Lander and the 1st Ohio Light Artillery heard Mrs. Humphreys’ pistol shot and took that as the signal to fire on Philippi. As the two guns opened fire, Dumont’s infantry rushed forward towards the town, crossing over the covered bridge. At that point, Dumont’s column could finally see Kelley’s force approaching on the other side of the river, neither section was in place to block the Confederate path of retreat. In the excitement, Colonel Lander galloped down the hill and across the bridge to join the Union assault, meeting Colonel Kelley’s column who swept in from the other direction.
The artillery fire woke the sleeping Confederates who had no warning because their cavalry and sentinels were not in place. Men rushed to get out of their beds, dressed, and ready for combat. For most, the confusion and surprise assault led to a hasty retreat out of the town. The Union columns flooded into Philippi and Colonels Lander and Kelley rode through town chasing the fleeing Confederates, although their progress was checked when Kelley was shot in the chest (he would recover). Porterfield had 775 men in the face of the Union’s 3000 and the Confederates quickly retreated towards Beverly. The twenty-minute engagement was nicknamed "the Philippi Races."
The Union men did not chase the retreating Confederates, instead claiming Philippi. The result of the engagement was five Union wounded and two Confederate wounded, plus several Confederate prisoners captured. The Union victory at Philippi is considered the first land battle of the Civil War, although it is overshadowed by the later First Battle of Manassas.
Philippi was also the site of the first amputation of the Civil War. 18-year-old James E. Hanger of the Churchville Cavalry was in the hayloft of the Garrett Johnson barn when the engagement began. A Union artillery solid shot came through the barn and shattered his left leg. He was found and taken to the Philippi Methodist Episcopal Church where his leg was amputated seven inches below the hip by Dr. James Robinson, 16th Ohio Infantry. While recovering Harper made himself an artificial leg out of barrel staves and he later made wooden limbs for Confederate amputees.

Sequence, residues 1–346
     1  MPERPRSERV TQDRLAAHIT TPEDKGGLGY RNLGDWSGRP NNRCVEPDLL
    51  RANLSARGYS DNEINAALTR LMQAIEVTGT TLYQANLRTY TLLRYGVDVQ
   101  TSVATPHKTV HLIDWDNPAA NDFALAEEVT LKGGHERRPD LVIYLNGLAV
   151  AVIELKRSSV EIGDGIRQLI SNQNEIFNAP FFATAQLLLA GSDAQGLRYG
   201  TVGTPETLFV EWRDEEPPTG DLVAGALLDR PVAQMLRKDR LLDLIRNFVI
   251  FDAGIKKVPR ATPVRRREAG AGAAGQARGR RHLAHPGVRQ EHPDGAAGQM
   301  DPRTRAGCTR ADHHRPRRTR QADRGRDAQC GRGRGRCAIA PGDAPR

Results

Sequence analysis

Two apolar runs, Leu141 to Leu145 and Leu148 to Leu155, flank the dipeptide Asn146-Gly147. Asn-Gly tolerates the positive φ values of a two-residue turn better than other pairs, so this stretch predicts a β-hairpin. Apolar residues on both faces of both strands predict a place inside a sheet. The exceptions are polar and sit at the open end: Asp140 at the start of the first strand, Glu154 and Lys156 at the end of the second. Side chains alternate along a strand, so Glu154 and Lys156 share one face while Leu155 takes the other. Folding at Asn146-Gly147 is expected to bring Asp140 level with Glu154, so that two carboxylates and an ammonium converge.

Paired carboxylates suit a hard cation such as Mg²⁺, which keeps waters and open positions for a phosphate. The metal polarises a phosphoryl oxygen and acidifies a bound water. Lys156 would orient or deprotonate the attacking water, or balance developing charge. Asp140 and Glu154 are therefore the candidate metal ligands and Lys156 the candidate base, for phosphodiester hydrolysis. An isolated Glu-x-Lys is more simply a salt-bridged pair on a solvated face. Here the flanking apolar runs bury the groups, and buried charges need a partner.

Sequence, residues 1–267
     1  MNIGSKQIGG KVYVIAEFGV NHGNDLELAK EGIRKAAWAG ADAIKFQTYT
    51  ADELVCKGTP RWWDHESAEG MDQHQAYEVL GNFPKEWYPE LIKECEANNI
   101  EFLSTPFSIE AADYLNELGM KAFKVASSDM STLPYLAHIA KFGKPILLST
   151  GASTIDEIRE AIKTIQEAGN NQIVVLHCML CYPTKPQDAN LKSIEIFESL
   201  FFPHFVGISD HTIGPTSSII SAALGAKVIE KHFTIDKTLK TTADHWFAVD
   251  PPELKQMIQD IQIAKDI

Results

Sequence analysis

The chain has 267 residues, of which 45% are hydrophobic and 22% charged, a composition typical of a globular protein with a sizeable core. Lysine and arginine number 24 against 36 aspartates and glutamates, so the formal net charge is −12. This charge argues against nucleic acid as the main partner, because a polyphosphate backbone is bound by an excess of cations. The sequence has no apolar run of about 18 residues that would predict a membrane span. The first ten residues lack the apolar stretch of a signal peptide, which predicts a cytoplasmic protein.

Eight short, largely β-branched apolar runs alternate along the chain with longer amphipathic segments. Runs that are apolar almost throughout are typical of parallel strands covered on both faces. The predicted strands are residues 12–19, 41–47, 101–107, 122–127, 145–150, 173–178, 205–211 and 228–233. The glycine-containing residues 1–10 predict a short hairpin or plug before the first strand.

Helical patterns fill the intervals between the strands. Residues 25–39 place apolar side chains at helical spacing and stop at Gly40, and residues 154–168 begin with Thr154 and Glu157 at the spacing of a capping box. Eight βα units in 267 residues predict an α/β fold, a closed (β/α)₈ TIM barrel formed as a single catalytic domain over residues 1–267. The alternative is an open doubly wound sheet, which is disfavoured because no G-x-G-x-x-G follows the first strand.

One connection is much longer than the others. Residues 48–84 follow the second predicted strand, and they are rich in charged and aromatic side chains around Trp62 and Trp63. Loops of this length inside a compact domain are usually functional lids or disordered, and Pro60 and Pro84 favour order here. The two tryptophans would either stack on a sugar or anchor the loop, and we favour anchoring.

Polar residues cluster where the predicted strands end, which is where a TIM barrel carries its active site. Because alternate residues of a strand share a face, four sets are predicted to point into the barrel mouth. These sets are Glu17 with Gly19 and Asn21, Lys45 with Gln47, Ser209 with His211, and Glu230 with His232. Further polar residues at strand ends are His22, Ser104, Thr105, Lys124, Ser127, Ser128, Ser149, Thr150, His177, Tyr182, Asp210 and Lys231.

The entire summer 1861 campaign consisted of eight small engagements that secured western Virginia for the Union and prevented the Confederates from occupying the area for the rest of the war. The Battle of Philippi secured control of the Baltimore & Ohio Railroad for the Union, a crucial east-west transportation route. This military occupation by Union forces assisted in the political process to split the western counties from Virginia and create a new state in 1863. Eliminating the growing Confederate threat at Grafton/Philippi allowed delegates to attend the Second Wheeling Convention and establish the Restored Government of Virginia. The success of the campaign also placed McClellan in the view of army superiors and after the July defeat at Manassas, McClellan rose to command the Army of the Potomac. On the other hand, Colonel Porterfield was relieved of command after the disaster at Philippi and replaced with Brigadier General Robert S. Garnett.